Some thoughts on changing academic advising

By bringing it more into the online world.  Here's an example of eAdvising at Arizona State University from Elizabeth D. Phillips, writing in Change Magazine.

Improving Advising Using Technology and Data Analytics

Traditionally, the collegiate advising system provides each student with a personal academic advisor who designs a pathway to the degree for that student in face-to-face meetings. Ideally, this is a supportive mentoring relationship. But in truth, this system is highly inefficient, error prone, expensive, and a source of ubiquitous student dissatisfaction. 
This article describes a method that enhances human advising with modern technology and data analytics, thereby freeing advisors to spend more time on the things only people can do. This method, called eAdvisor, helps students find majors in which they are likely to succeed; keeps them progressing toward a degree; and makes advisors more informed, efficient, and effective. It also allows the university to manage enrollments effectively, thereby saving money while improving student success. 
The National Academic Advising Association (NACADA) describes the ideal human advising program focused on the interaction between individual students and their advisors in the following terms:
  • Academic advising conferences must be available to students each academic term.
  • Academic advisors should offer conferences in a format that is convenient to the student, i.e., in person, by telephone, or online. Advising conferences may be carried out individually or in groups.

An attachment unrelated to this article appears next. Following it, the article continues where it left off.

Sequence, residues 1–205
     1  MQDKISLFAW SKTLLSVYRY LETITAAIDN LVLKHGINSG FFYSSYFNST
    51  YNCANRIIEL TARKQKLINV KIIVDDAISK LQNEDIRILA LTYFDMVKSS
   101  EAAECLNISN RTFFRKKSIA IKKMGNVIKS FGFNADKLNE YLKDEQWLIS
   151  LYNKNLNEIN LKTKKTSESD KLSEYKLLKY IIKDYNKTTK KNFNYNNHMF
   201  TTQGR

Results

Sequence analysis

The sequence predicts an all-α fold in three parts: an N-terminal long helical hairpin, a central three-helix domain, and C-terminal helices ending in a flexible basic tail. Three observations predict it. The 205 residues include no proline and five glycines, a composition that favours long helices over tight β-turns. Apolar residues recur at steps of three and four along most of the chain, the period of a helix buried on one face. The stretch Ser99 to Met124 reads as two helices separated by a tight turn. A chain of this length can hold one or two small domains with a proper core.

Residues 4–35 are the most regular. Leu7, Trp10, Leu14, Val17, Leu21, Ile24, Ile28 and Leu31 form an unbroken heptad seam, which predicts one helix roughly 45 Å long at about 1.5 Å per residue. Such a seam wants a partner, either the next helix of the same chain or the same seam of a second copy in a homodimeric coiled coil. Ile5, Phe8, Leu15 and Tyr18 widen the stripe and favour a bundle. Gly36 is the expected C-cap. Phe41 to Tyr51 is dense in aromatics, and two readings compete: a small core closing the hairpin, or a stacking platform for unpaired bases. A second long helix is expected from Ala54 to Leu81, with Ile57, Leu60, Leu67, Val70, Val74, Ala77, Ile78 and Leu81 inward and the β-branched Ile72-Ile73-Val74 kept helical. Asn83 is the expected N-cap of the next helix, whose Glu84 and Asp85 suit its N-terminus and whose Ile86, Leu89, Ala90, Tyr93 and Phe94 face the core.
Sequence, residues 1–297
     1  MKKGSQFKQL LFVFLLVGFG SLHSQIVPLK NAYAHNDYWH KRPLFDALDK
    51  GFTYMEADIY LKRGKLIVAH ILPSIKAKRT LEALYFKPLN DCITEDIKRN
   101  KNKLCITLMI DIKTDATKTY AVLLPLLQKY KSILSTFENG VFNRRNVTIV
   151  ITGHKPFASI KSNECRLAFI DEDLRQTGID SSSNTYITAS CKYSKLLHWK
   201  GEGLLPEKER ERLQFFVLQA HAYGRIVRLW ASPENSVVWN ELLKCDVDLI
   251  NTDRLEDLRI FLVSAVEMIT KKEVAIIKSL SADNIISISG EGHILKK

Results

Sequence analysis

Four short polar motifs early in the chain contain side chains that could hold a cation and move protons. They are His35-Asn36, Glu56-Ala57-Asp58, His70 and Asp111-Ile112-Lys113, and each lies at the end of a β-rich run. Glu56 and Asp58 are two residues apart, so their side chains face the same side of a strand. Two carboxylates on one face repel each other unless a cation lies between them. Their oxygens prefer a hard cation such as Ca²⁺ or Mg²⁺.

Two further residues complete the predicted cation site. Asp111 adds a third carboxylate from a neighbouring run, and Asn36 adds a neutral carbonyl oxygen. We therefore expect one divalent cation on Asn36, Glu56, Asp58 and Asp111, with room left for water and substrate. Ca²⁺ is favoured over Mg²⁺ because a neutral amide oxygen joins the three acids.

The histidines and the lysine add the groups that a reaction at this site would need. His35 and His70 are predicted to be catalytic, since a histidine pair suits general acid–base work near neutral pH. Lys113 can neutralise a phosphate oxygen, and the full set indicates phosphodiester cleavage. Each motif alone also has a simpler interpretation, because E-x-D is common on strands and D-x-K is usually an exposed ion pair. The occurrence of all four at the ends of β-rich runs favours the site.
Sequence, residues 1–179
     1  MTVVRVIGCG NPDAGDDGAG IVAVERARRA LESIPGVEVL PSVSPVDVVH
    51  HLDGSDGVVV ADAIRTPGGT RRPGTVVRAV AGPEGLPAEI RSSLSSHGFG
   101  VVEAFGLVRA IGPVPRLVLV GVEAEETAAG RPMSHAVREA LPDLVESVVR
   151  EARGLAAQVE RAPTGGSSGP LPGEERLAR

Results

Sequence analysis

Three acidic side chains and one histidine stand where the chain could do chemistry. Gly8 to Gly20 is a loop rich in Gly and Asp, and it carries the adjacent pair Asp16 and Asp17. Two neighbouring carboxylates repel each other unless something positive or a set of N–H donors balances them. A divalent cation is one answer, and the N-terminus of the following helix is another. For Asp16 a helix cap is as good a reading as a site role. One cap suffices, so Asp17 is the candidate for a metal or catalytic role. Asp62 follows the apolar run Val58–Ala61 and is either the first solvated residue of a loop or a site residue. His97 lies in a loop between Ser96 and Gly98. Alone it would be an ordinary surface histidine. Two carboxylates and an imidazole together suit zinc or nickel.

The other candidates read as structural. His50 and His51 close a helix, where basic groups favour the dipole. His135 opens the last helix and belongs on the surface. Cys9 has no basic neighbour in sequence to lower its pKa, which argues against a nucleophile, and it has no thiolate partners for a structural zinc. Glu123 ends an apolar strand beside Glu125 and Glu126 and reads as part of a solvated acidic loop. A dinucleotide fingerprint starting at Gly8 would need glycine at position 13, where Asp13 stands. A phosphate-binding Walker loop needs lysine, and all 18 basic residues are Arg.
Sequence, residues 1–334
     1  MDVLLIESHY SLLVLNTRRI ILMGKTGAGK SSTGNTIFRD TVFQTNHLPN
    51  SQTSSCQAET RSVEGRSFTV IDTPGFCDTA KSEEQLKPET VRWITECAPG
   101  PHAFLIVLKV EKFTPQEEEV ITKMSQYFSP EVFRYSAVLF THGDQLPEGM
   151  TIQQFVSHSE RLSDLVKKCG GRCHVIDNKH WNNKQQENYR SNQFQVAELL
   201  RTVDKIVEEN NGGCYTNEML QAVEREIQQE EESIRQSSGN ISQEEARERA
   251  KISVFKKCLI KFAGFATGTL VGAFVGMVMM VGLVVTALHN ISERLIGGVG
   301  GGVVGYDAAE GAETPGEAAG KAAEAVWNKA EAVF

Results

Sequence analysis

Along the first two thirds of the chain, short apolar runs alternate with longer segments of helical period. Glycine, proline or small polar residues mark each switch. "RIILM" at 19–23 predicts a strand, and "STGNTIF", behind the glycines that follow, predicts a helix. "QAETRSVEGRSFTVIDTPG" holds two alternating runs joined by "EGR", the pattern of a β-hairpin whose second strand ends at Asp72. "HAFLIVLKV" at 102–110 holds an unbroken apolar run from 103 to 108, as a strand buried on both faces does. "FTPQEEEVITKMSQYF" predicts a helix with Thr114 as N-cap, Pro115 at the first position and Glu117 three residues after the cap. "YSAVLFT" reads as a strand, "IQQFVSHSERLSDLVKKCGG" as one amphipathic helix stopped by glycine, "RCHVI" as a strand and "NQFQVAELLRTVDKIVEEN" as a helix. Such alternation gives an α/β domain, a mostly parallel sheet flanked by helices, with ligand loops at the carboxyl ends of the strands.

• Academic advising caseloads must be consistent with the time required for the effective performance of this activity.
  • The academic status of the student being advised should be taken into consideration when determining caseloads. For example, first year, undecided, under-prepared, and honors students may require more advising time than upper-division students who have declared their majors. (NACADA, 2011)
Early in the 21st century, most universities—including Arizona State University (ASU)—had advising systems that followed these guidelines. As was typical at comparable institutions, the university's academic advisors handled students in the majors and those in University College (a lower-division unit that counsels undecided students and those who wish to change majors). Every student had to see an advisor each semester in order to register for classes. 
Most programs at ASU admit majors in the junior year. Prior to the advent of eAdvisor, students used their freshman and sophomore years either searching for a major or enrolled in a pre-major sequence (e.g., pre-business, pre-architecture) in which they acquired the credentials required for admission to the program of their choice. 
With this system, students often did not know until the end of their sophomore year whether they had sufficiently high grades to gain admittance to the major. Failing to achieve the appropriate level of performance for a given major by the end of the sophomore year, they were forced to seek another that might have significantly different prerequisites, re-enter an exploratory mode, or transfer to another institution. 
Students, faculty, and advisors all recognized the complexity and ineffectiveness of this system, but alternatives to this hand-crafted process proved difficult to design. However, the recently developed ability to capture many aspects of the student experience in computer-accessible databases permits a much more systematic approach to managing a student's path through the complex and rich curricular offerings of any major university. 
Today many institutions have versions of online course planning for students and advisors. One of those systems, developed at the University of Florida at the end of the 1990s, served as a prototype for the much more comprehensive system implemented at ASU: eAdvisor.


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